by Jerry Waxler
Read my book, Memoir Revolution, about how turning your life into a story can change the world.
This is the third in a series of essays inspired by Karen Prior’s memoir, Booked! Literature in the Soul of Me
The memoir Booked: Literature in the Soul of Me, is about Karen Prior’s reliance on literature to help her learn life’s lessons. The young woman loved literature so much she became a professor. From this vantage point, offers a deeper look at the books that influenced her.
The books she mentions are well-known centerpieces of the literary canon. Each one is a great story that makes complex points. To make the experience of reading them even richer, she shows how the authors were influenced by controversies of their own times.
For example, John Donne in the sixteenth century was influenced by the strange brew of religious conflict in England, when marrying into the wrong faction could land you in jail. She tells about the culture clashes between England and Ireland as well as the literary fascination with sexuality that influenced Jonathan Swift’s Gulliver’s Travels in the eighteenth century. And she delves into the conflict between sexuality and respect for women in Thomas Hardy’s time in the nineteenth century.
Her memoir made me wonder what cultural influences I absorbed when I was growing up. For example, in my high school years, books by Charles Dickens filled me with compassion about the economic struggles of the poor in old England and Upton Sinclair’s novel The Jungle opened my eyes to the abuse of immigrant labor in the U.S. In my college years, though, the cultural influence of my favorite authors turned in a direction so confusing I almost lost my way.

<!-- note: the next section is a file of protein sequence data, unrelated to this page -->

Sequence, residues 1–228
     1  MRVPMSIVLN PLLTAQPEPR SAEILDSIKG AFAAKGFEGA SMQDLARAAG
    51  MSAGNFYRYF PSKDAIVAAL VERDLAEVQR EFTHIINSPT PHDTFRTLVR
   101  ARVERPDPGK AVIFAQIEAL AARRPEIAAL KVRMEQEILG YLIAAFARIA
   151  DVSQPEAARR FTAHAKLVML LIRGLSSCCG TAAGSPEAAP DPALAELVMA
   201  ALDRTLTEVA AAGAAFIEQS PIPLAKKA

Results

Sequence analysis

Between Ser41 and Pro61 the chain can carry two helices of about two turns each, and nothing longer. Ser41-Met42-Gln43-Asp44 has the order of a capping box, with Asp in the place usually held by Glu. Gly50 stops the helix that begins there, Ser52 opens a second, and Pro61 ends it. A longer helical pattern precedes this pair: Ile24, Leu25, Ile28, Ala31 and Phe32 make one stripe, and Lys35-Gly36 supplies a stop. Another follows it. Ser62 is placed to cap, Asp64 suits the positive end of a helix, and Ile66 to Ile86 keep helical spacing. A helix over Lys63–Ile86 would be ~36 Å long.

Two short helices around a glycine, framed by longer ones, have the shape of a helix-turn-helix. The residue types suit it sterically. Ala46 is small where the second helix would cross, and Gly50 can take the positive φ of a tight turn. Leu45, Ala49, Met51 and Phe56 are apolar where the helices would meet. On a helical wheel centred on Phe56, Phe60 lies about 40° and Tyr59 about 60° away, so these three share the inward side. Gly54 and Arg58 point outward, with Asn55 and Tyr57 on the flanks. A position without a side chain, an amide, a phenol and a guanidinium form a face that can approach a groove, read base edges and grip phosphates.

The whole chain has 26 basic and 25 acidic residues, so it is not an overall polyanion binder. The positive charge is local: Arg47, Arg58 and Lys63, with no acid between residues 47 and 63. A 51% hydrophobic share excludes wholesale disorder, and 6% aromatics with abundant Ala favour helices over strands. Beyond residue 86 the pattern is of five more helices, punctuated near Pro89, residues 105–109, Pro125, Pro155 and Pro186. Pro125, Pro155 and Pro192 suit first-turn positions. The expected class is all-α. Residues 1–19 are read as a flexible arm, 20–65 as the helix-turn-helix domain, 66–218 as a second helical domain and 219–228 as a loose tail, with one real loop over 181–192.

In the sixties, I dove headlong into novels by widely respected authors like Jean Paul Sartre, Franz Kafka and Samuel Beckett, whose portrayals of shattered societies and characters without hope riveted my attention.
Their style differed radically from the stories I had read since I was a child. In an endless stream of mystery and science fiction books, I came to expect an upswing at the end of the story. The conclusion lifted my spirits and gave me hope. The novels and plays that dominated my college years went in the opposite direction. In novel after novel, the hope offered at the beginning had evaporated by the end.
At a time when I should have been preparing for adulthood, these deep thinkers convinced me that growing up was a horrible, terrifying waste of time. I was not alone. Millions of us had been convinced by our literary giants that despair is a principle worth pursuing.
To delve deeper into European cultural history of the twentieth century, I took a college course that I thought explained the misery behind this wave of nihilistic literature. Of course they lost hope when surrounded by Russian totalitarianism, two World Wars, and the horror of the Holocaust.
But something still didn’t add up. Ordinarily, people would have looked beyond the misery to find some inherent good. My authors did the opposite. Each one seemed to vie for the most outrageous images, such as Franz Kafka’s boy who woke up as an ugly, person-sized insect. And they were honored for their dark excursions. Samuel Beckett won a Nobel Prize for works like Endgame in which two of three characters are legless and occasionally pop their heads out of the trashcans in which they live.
Decades after struggling out of the pit I had fallen into, I attempt to understand those years. How I could have fallen so far? And more poignantly, how could society have led me along such a desperate line of thinking? Now, in Karen Prior’s brief vignettes of cultural history, I have learned an important fact that helps me make sense of the whole crazy era.